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Soccer Safety: Watch Out For Those Laces!

Believe it or not, a soccer player's shoelaces can pose a risk of injury. Patrick Kelleher, President of the Adirondack Youth Soccer Association in upstate New York, once saw a soccer shoe come off a player's foot during a scramble for the ball. Because the laces were tied around the player's ankle, when he stepped on the shoe he suffered a career ending severed Achilles tendon. "Tying laces around ankles is a very dangerous practice," Kelleher says. Long laces should instead be wrapped under the center of the shoe between the toe and heel section of rubber cleats.

Youth Soccer Safety: Shin Guards Essential

Soccer shinguards that meet the NOCSAE (National Operating Committee on Standards for Athletic Equipment) are essential soccer safety equipment.

Soccer Goals Need To Be Anchored

There are between 450,000 and 600,000 soccer goals in the United States. Many are unsafe because they are unstable and either unanchored or not correctly anchored or counterbalanced.

Protective Padding of Soccer Goalposts: Reduces Injury Number And Severity

Chances are, if you have watched more than a few youth soccer games, you have seen a player injured in a collision with the goalpost. In fact, goalies suffer a disproportionate number of injuries compared to those playing other positions. The American Journal of Sports Medicine reported in 1995 that, even though goalies comprise only six percent of soccer players, they suffer nineteen percent of all soccer injuries. When a player collides with the post of a heavy, stationary goal post, the player absorbs all of the impact of the collision.

Soccer Goalposts Can Be Deadly Hazard

The April 22, 2003 death of a twelve-year old California boy after a heavy iron soccer goal at his San Jose middle school fell, striking his head and pinning him to the ground, was the second such death in a six month span.

Florida Tech Studies Raise Concern About Soccer Heading

Two 2003 studies suggest that heading in soccer may result in weaker mental performance, including a decline in cognitive function, difficulty in verbal learning, planning and maintaining attention and reduced information processing speed, but a critical review of the literature in 2010 by an expert panel of the American Academy of Pediatrics found no support for such a finding, and a 2012 study in the journal Neurosurgery concluded that it was "unlikely" that the subtle cognitive differences detected were sufficient to affect the daily lives of players.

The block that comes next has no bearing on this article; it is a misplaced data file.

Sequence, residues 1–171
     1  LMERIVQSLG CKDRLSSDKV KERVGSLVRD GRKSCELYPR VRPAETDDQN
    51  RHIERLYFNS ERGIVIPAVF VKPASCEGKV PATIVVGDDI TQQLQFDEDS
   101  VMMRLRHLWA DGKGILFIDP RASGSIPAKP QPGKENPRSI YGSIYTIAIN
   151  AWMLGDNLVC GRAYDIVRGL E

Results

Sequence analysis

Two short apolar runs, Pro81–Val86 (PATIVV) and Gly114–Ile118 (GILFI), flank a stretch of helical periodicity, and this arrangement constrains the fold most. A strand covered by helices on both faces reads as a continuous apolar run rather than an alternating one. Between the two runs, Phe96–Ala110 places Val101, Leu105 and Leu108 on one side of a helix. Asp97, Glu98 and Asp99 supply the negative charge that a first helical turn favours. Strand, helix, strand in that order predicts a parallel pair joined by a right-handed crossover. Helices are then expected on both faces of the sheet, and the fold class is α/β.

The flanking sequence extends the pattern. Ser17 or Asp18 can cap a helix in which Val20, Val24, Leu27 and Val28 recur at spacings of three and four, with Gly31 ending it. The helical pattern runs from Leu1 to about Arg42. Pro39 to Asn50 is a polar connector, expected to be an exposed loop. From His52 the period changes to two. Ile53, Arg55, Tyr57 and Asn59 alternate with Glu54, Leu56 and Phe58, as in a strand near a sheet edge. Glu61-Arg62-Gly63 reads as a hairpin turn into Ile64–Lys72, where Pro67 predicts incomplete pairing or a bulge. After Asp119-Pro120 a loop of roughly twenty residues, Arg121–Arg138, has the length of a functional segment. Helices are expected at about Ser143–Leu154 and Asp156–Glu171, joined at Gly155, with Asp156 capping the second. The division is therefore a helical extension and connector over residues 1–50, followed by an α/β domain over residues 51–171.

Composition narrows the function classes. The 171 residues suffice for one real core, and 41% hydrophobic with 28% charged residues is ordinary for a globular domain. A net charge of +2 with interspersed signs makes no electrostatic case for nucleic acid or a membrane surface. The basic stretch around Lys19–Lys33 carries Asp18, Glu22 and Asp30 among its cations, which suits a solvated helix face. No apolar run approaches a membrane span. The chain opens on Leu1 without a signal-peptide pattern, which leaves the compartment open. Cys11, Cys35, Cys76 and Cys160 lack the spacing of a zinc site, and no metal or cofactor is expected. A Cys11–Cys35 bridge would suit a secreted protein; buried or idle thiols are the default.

Study Finds Youth Soccer Relatively Safe Sport

A first-of-its-kind national study of youth soccer injuries recently found that soccer is a relatively safe sport, but that the frequency and type of injuries varied by gender, with boys injured more frequently than girls but suffering fewer ankle and knee injuries.

Ten Ways to Prevent Soccer Injuries

According to a study reported in the February 2007 issue of the American Journal of Sports Medicine, youth soccer players (ages 2 to 18) suffer around 120,000 injuries each year sufficiently serious to require a trip to a hospital emergency room. The total number of soccer-related injuries, including those treated outside of a hospital ER, is estimated to be nearly 500,000 per year.

It's Time for FIFA to Allow Padded Goalposts in Youth Soccer

Goalies suffer a disproportionate number of injuries compared to those playing other positions. The American Journal of Sports Medicine reported in 1995 that, even though goalies comprise only six percent of soccer players, they suffer nineteen percent of all soccer injuries. When a player collides with the post of a heavy, stationary goal post, the player absorbs all of the impact of the collision.

Soccer Headgear Cuts Concussion Risk In Half, Study Says

Teenage soccer players who wear protective headgear suffer nearly half as many concussions as those who play without helmets, according to a new study conducted by researchers at Canada's McGill University.

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